“It’s called the TrackingPoint rifle. On a firing range just outside Austin in the city of Liberty Hill, a novice shooter holds one and takes aim at a target 500 yards away. Normally it takes years of practice to hit something at that distance. But this shooter nails it on the first try.
The rifle’s scope features a sophisticated color graphics display. The shooter locks a laser on the target by pushing a small button by the trigger. It’s like a video game. But here’s where it’s different: You pull the trigger but the gun decides when to shoot. It fires only when the weapon has been pointed in exactly the right place, taking into account dozens of variables, including wind, shake and distance to the target.“
The gun was developed by a Texas startup who likes to call it a “smart gun” and also features a wifi server and variety of automatic social media sharing options so hunters can brag about their prowess online. But the ability to lock on to targets from long distances is a dramatic departure from how sharp shooting has functioned in the past, when the ability to snipe targetes was largely limited by how few individuals had that skill set — be they serious hunters or military grade snipers.
The high cost of the rifle, which currently retails for over $20,000, will no doubt provide a limiting factor for the moment, plus ballistic forensics techniques mean that just because more people can make the shot doesn’t mean they will necessarily get away with murder. And it’s possible that if used responsibly by hunters, it could result in fewer accidental hunting deaths. But the fact remains that auto-aiming technology has the potential to make it significantly easier for bad actors to take out targets with a firearm at significantly less personal risk due to the distance between themselves and their victims.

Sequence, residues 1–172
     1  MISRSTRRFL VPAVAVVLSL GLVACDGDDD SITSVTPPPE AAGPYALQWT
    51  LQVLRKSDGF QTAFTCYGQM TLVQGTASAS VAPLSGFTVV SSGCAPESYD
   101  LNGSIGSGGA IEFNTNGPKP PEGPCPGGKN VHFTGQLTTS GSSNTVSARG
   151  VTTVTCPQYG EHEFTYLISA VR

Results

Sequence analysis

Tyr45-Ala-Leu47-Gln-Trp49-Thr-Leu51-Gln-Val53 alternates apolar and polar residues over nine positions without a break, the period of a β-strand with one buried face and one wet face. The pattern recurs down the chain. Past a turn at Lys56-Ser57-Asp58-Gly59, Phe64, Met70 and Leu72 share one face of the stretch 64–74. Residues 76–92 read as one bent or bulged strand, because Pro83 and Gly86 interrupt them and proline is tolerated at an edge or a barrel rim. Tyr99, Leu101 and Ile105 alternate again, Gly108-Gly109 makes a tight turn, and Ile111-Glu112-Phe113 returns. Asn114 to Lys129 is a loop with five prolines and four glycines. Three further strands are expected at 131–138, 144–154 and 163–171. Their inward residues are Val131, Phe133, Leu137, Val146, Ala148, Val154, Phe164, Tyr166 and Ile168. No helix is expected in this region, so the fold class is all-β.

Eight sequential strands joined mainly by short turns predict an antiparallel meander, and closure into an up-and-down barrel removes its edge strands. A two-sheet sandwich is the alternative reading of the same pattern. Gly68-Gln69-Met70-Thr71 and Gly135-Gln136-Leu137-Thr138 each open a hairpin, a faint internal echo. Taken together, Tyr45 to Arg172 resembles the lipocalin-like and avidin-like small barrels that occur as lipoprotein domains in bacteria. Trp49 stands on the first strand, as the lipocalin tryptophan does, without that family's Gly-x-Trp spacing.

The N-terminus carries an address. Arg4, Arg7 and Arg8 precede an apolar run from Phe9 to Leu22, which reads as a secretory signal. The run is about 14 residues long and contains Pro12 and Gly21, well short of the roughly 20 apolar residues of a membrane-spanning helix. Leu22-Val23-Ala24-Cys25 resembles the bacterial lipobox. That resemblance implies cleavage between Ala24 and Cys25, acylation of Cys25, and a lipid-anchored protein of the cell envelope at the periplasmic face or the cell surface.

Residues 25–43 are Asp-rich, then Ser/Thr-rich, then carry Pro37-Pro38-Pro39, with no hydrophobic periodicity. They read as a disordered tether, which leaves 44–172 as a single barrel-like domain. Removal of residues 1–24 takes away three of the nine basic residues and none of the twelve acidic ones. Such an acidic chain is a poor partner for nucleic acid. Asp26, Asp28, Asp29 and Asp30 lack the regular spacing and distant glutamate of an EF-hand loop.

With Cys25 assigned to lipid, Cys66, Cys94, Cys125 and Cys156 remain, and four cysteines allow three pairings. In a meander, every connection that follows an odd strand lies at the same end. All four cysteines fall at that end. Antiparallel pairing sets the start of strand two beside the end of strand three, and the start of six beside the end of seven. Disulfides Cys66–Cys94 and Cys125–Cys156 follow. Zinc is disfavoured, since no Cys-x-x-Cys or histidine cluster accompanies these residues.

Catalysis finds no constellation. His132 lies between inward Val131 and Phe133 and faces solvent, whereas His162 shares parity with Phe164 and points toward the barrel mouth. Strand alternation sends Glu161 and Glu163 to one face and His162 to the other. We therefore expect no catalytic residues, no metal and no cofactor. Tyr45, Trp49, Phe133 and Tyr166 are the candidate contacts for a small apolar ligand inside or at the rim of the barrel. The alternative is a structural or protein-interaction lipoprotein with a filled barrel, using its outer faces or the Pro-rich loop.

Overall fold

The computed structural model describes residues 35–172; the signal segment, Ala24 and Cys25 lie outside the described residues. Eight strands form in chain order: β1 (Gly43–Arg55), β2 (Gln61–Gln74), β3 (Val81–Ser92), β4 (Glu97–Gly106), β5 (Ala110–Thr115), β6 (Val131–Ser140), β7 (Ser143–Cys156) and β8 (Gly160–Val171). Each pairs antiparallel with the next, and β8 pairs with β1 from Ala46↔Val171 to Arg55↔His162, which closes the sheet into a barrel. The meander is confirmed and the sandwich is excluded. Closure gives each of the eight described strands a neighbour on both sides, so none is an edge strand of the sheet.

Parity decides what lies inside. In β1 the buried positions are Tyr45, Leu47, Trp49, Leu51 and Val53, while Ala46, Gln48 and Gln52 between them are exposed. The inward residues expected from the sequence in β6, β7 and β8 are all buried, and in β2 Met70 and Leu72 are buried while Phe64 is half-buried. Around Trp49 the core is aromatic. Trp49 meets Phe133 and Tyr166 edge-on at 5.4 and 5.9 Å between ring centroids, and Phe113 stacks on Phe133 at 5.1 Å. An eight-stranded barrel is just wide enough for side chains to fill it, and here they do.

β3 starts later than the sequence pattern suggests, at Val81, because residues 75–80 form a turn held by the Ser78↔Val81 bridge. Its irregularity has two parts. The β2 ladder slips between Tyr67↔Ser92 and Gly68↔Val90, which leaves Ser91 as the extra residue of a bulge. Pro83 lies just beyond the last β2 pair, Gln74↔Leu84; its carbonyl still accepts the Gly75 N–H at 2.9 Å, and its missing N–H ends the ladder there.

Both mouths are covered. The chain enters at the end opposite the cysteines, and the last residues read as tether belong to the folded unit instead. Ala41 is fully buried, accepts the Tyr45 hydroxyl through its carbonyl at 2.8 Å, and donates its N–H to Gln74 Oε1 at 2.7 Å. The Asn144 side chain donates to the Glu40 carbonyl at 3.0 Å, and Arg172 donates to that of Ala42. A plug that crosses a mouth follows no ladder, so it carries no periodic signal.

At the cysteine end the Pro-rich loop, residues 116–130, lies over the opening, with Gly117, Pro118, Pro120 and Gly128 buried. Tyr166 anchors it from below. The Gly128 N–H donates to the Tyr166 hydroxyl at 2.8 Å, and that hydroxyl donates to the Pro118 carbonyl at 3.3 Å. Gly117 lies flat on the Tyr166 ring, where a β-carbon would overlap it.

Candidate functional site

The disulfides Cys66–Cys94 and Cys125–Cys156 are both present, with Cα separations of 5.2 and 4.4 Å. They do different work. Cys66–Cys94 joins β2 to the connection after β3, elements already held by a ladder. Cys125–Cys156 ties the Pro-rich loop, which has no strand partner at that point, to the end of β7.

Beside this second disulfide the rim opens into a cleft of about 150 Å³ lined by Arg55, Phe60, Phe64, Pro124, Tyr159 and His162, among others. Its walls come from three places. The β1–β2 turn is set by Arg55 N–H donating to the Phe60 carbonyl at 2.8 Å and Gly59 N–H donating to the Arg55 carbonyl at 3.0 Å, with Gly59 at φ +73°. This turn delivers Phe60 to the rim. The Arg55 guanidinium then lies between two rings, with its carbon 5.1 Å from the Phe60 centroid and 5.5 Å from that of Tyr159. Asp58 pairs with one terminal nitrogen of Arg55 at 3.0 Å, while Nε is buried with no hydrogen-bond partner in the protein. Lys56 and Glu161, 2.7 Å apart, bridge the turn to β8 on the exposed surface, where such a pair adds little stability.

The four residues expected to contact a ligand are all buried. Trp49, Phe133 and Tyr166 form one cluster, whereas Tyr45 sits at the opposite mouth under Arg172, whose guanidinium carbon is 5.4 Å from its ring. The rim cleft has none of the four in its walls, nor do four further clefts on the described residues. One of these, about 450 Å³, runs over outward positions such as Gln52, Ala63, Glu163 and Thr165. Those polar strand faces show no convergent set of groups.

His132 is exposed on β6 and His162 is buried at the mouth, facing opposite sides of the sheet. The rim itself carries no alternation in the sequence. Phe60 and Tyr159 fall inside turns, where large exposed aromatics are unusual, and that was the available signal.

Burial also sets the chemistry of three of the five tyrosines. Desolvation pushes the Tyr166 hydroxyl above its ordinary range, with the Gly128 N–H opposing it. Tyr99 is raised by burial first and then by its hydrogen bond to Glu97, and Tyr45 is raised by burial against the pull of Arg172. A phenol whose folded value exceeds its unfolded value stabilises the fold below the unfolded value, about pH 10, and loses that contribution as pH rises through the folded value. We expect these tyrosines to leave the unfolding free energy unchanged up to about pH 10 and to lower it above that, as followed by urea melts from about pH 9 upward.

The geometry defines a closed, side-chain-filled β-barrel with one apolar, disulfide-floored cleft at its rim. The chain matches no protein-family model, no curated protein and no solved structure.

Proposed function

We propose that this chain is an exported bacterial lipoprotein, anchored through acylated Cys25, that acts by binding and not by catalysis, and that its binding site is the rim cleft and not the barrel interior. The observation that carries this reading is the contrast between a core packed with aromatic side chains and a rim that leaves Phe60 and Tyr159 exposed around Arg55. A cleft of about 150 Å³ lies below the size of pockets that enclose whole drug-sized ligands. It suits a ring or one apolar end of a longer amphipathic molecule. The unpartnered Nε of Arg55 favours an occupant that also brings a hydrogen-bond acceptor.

Such a gun almost certainly could be banned, even under conservative Justice Antonin Scalia’s expansive reading of the Second Amendment. While Scalia’s opinion in District of Columbia v. Heller disallowed handgun bans, it specifically noted “dangerous and unusual” weapons are not protected by the Constitution. Numerous federal circuit courts have upheld machine gun bans on similar grounds.